Academic boredom, approaches to learning and the final-year degree outcomes of undergraduate students

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Academic boredom is a largely negative and disabling achievement-related emotion. In this mixed-methods exploration of 224 students attending a single university in England, academic boredom was found to arise at the point of course delivery, while studying at other times and during the completion of assignments for assessment. Quantitative data from the recently adapted Boredom Proneness Scale for use across the UK higher education sector (the BPS-UKHE) and the Approaches and Study Skills Inventory for Students (ASSIST), enriched with qualitative data from 10 semi-structured research interviews, indicate that those with a higher propensity towards academic boredom than others displayed the deep, strategic and surface profiles of ‘less effective learners’. This was reflected in their interest in ideas, their ability to organise resources and manage time, what they had to memorise or do to ‘get by’, their achievement motivation and their sense of purpose. As part of a greater evolving network of other contributing factors, this translated into lower final degree marks and fewer ‘good’ degree awards. Recommendations surrounding boredom mitigation and approaches to learning are suggested which warrant serious consideration. The work presented here makes an important contribution to a surprisingly neglected field of UK higher education research and the student engagement agenda.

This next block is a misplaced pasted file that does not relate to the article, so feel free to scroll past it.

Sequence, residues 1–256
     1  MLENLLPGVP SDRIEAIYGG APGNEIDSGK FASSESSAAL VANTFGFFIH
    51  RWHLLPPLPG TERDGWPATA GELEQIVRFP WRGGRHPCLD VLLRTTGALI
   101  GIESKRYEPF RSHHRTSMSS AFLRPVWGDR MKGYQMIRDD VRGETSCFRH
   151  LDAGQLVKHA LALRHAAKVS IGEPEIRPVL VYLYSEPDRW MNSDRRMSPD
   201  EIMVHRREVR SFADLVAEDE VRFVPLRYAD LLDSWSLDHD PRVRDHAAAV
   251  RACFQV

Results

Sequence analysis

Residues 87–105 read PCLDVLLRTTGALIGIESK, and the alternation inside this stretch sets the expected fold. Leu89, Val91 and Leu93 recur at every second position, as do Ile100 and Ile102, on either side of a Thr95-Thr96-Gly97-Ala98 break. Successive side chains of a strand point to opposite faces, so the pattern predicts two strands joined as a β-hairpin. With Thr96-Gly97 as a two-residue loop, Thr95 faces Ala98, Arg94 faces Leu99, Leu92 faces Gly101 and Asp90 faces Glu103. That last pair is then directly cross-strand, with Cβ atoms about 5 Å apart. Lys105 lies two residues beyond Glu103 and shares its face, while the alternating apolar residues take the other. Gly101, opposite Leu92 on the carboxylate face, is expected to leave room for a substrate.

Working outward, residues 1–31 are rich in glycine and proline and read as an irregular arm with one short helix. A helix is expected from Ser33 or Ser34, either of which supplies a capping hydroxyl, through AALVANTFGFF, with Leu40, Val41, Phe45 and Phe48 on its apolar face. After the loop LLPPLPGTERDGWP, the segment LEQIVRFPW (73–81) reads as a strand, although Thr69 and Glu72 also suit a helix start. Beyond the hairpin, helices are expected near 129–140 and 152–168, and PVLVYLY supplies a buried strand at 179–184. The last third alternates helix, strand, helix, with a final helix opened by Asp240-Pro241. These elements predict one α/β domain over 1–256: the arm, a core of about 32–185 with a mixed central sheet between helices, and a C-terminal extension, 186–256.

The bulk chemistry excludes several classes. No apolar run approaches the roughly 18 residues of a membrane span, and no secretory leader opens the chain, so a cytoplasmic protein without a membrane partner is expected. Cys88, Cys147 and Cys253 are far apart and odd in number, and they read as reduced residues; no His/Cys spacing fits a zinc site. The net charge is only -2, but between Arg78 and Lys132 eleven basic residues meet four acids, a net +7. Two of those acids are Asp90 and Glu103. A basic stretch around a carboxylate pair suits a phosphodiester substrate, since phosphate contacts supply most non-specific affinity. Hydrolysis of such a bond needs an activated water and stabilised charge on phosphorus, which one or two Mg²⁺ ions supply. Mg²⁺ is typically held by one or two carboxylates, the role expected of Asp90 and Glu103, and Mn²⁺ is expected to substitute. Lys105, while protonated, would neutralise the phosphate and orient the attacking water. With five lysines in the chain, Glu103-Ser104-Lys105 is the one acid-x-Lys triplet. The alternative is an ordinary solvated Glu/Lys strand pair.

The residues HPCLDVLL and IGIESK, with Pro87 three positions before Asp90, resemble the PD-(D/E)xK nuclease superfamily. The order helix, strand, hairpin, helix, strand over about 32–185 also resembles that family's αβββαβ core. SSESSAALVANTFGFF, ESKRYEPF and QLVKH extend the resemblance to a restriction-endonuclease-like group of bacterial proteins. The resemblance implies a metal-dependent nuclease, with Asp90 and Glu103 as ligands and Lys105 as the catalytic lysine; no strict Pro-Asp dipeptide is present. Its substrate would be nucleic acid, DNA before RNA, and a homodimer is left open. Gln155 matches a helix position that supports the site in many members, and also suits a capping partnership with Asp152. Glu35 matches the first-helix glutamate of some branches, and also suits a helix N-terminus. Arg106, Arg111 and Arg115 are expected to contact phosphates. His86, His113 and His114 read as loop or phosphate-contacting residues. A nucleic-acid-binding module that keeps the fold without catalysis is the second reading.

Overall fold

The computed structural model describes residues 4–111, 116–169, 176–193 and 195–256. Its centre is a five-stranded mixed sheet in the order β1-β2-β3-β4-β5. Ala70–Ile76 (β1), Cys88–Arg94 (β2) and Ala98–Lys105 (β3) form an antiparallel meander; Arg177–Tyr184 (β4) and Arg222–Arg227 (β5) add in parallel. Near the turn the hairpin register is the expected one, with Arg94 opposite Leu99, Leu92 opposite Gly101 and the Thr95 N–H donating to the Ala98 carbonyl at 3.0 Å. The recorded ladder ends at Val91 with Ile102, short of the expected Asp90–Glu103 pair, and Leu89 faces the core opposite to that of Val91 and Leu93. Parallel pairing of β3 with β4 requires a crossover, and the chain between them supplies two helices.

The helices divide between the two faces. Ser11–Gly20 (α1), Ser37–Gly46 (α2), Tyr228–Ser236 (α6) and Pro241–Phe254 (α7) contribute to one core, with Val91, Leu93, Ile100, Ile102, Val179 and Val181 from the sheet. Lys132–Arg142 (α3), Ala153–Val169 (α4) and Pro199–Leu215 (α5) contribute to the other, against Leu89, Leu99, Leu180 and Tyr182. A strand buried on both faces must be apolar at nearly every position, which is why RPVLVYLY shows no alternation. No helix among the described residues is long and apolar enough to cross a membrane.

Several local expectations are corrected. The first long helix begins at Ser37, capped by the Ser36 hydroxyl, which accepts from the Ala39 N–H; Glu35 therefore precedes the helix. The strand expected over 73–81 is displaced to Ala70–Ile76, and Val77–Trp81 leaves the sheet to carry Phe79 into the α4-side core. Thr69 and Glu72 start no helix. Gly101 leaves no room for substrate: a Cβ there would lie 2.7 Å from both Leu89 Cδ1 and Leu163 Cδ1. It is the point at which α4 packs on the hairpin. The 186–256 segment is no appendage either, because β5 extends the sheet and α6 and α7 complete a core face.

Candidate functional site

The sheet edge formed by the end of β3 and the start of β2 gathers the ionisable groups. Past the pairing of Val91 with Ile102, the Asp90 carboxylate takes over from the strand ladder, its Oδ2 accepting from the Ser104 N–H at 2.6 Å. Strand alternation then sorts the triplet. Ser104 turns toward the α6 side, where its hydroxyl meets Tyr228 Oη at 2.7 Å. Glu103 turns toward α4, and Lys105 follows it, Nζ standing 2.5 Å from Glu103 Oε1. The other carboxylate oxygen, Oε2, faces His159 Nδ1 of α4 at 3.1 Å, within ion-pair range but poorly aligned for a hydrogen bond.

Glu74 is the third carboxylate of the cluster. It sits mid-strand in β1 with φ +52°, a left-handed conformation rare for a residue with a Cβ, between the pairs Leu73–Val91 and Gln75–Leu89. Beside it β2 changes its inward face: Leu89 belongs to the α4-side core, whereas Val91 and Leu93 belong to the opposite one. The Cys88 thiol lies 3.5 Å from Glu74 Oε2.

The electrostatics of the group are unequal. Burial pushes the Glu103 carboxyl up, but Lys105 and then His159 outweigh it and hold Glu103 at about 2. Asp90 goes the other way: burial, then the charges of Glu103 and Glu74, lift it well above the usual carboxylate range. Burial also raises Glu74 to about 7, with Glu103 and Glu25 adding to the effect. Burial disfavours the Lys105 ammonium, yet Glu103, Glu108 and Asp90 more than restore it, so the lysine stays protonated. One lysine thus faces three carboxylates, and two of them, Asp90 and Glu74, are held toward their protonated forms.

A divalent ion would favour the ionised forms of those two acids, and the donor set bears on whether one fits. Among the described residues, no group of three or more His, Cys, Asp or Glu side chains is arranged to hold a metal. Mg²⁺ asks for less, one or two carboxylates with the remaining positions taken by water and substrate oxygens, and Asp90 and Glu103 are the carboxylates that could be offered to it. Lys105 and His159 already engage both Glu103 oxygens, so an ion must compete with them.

Sharp, J. G., Hemmings, B., Kay, R., & Atkin, C. (2018). Academic boredom, approaches to learning and the final-year degree outcomes of undergraduate students. Journal of Further and Higher Education, 42(8), 1055–1077.

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